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Cablegate: Debt Swap for Environment Cleanup Initiative

This record is a partial extract of the original cable. The full text of the original cable is not available.

UNCLAS SECTION 01 OF 02 ABUJA 001374

SIPDIS


SENSITIVE BUT UNCLASSIFIED


E for U/S LARSON AND ANN PENCE
EB/IFD/OMA FOR PREID


E.O. 12958: N/A
TAGS: EFIN ECON PREL NI
SUBJECT: DEBT SWAP FOR ENVIRONMENT CLEANUP INITIATIVE


REF: STATE 97771


1. (U) Action request and comment at para 6.


2. (U) TDY U.S. Treasury Advisor Lisa Cook and
Economic Section Chief Stephen Carrig met June 11 with
GON debt management officials for a review of the
mechanics of a debt for environment clean-up swap
first discussed in Washington during President
Obasanjo's May 10-12 meetings with senior
Administration officials. Ambassador was present for
those meetings. GON officials present for the
subsequent Abuja meeting included: Mr. Steve Oronsaye,
Principal Secretary to the President; Mr. A.S.
Arikawe, Director General, Debt Management Office;
Mrs. F.M. Yemidale, Deputy Director, Central Bank of
Nigeria (CBN); and several technical support staff
members.


3. (U) Ms. Cook made a thorough oral presentation of
the mechanics of a debt for clean-up swap. She
provided a brief paper as well that outlined a typical
arrangement step-by-step. The Nigerians, in
particular Yemidale, who has had eleven years of
experience in CBN debt swap programs, quickly warmed
to the proposal and engaged the U.S. side in a
discussion of its specifics. The GON team concurred
in the USG observation that developing the proposal
would be a time-consuming and complex undertaking;
they volunteered that we should begin now.


4. (SBU) Three sets of issues emerged immediately:


a) GON concern that the first purchaser of the
dollar-denominated debt would receive the lion's share
of the discount by buying the debt low and selling it
(relatively) high, thus providing GON limited debt
relief. Oronsaye was particularly concerned about
this issue. USG replied that market dynamics, i.e.,
financial community valuation of Nigerian paper,
indeed, would play an important role in the process,
but i) that would exist even without a swap
arrangement; ii) the GON discharge of dollar debt via
naira payment was clearly advantageous to Nigeria; and
iii) the swap enabled Nigeria to finance environmental
projects it already publicly had endorsed as
essential.


b) GON concern that certain classes of project
financing might be excluded by definition. Arikawe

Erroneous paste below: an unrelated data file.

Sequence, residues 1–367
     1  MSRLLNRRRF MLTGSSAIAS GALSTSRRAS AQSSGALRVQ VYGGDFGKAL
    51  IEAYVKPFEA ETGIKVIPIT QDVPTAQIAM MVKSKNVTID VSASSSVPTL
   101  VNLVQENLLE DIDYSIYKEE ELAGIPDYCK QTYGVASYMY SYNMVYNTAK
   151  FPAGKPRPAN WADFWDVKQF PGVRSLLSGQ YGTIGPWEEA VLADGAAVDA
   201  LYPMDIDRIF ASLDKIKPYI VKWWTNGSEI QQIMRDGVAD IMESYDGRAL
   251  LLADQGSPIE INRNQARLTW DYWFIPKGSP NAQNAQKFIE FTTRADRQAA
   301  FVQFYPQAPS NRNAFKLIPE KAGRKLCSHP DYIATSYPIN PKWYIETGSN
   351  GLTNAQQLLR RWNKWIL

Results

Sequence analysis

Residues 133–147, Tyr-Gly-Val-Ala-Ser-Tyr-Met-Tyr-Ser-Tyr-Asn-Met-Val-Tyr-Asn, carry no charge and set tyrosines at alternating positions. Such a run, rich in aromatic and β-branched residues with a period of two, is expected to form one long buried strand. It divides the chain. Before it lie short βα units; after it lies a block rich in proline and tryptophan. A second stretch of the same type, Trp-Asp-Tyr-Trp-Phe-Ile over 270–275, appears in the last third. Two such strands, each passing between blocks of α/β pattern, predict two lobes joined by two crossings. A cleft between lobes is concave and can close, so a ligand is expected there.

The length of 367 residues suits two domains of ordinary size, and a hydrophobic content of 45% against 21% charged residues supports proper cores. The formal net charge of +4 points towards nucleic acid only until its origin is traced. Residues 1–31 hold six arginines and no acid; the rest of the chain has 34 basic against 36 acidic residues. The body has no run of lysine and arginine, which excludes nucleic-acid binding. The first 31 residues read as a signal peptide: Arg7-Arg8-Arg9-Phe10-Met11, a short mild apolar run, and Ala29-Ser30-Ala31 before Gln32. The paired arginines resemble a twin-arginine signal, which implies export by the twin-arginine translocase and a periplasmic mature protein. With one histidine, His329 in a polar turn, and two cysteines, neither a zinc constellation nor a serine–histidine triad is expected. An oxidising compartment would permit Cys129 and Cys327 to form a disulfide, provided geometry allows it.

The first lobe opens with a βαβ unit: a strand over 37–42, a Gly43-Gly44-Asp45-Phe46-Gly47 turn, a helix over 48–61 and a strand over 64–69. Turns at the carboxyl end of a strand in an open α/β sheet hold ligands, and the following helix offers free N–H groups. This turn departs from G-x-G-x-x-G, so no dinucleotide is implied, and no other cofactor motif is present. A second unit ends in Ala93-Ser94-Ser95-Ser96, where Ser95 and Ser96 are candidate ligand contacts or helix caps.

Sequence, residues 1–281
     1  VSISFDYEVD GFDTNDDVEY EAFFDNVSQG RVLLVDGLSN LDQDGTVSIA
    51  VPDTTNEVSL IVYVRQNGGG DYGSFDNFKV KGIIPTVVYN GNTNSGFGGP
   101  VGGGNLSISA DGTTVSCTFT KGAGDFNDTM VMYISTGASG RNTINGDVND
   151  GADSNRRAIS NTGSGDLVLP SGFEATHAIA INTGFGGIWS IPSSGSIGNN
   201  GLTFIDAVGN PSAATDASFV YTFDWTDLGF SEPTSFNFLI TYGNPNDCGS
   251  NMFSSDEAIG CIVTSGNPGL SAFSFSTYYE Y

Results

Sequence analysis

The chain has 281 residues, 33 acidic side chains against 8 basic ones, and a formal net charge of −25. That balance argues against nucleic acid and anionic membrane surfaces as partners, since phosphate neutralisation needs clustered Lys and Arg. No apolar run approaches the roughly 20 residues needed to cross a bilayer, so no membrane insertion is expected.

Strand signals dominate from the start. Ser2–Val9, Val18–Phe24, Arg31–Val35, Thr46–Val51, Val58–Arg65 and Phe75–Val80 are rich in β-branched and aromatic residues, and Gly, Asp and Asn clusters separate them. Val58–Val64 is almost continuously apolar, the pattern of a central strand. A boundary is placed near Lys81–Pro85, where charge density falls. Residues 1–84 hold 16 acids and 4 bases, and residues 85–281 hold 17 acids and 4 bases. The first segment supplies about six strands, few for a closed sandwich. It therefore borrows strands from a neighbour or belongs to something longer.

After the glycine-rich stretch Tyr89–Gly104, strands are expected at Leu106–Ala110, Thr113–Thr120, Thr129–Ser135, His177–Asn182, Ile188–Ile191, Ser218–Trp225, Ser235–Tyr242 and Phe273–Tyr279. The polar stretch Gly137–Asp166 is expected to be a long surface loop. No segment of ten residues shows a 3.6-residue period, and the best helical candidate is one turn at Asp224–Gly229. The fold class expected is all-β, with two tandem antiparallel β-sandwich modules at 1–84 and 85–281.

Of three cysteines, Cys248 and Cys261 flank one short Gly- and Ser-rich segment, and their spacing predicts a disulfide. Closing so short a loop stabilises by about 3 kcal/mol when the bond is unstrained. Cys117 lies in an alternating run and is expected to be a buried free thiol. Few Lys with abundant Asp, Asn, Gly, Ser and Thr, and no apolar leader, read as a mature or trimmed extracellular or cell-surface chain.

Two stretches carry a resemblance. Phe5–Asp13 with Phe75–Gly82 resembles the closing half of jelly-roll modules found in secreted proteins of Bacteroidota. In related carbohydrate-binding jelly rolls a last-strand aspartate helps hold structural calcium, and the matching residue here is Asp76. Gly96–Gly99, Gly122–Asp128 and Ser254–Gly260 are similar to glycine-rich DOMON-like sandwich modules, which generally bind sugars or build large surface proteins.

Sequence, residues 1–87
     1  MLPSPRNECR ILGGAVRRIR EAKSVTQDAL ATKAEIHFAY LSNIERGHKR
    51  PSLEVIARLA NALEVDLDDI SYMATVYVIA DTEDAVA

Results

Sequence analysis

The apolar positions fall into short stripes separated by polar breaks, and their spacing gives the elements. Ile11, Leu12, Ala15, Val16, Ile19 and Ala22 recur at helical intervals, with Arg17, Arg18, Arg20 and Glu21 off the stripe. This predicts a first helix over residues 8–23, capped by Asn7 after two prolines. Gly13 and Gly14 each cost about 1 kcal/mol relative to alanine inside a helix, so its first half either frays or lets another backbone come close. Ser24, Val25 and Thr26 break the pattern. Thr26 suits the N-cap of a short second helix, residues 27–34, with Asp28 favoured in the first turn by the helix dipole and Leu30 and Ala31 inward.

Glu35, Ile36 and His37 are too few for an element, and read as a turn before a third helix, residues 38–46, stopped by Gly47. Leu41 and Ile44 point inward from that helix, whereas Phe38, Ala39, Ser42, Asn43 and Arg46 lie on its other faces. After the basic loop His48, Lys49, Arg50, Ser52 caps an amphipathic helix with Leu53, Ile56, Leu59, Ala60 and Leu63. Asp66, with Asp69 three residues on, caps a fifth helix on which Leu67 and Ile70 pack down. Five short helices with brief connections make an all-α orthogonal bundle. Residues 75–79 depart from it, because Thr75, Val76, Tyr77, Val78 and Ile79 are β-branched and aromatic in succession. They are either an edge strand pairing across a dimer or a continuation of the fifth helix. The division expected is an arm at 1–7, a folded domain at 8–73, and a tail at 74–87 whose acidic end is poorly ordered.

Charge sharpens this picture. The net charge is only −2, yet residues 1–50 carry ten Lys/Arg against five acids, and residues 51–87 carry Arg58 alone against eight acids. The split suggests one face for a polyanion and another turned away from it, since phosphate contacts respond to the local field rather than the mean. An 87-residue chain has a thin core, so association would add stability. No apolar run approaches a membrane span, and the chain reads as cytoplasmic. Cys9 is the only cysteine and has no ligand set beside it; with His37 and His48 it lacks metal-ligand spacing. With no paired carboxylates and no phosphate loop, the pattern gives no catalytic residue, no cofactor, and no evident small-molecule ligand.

asked, for example, whether committing the remaining
discounted debt to financing the construction of
facilities utilizing now-flared natural gas
commercially would qualify as sufficiently
"environmental" for the swap. Oronsaye,
notwithstanding the potential caveat on excluding
infrastructure and poverty reduction uses mentioned in
Reftel para 5, observed that wholly environmental
programs would be acceptable to the GON. Cook and
Carrig both noted that although definitions were
important, and there certainly would be a review, the
objective of the swap was to be inclusive of
environmental programs that were workable and
beneficial to all parties.


c) GON concern over restrictions on the location
of acceptable projects or the "nationality" of third
party participants. Oronsaye asked that projects not
be restricted to the Delta region; he noted that other
parts of the country, e.g., the southeast, had their
own serious environmental issues with erosion, for
example. Yemidale asked whether other-than-U.S.
companies and NGOs would be eligible for the program.
USG replied that, in principle, environmental projects
country-wide could be eligible, provided they
otherwise qualified, and that there were no known
firms or NGOs ineligible ab initio.


5. (SBU) In a side-bar conversation with EconChief,
Oronsaye noted that the Delta surely would benefit
were projects undertaken, but that the GON, for
political reasons, necessarily would initiate needed
projects elsewhere as well. He also said that the GON
already had "heard" that both Shell and Mobile were
interested in the swap potentials although, and as
noted in Reftel para 6, the GON initially would prefer
to deal directly with USG and only indirectly with
potential private sector participants. Oronsaye
reiterated the GON team's earlier observation that we
should begin the process as soon as possible, thereby
maintaining the momentum gained by our two Presidents'
interest in the proposal.


6. (SBU) Action Request and Comment. Given the
cooperative and upbeat tenor of these initial debt
swap discussions with the GON at the working-level in
Abuja, Embassy strongly recommends -- and seeks
guidance regarding -- taking immediate next steps. It
appears to us that Reftel's para 8 mention of
consultations with the Corporate Council on Africa
(CCA) to gauge oil company interest might be
complemented beneficially were we informally and
simultaneously to sound out the Nigeria-based field
headquarters. Neither the international headquarters
nor the field elements could commit without
consultations among themselves. USG could facilitate
this were Embassy and the debt swap IAWG liaison to
the CCA provided common talking points. Similarly, it
would be helpful were there a generic set of common
talking points for use with NGOs. Without any
discussions beyond those described here, we have
identified potential NGO participants and are prepared
to approach them as well on instruction. End Action
Request and Comment.


Jeter

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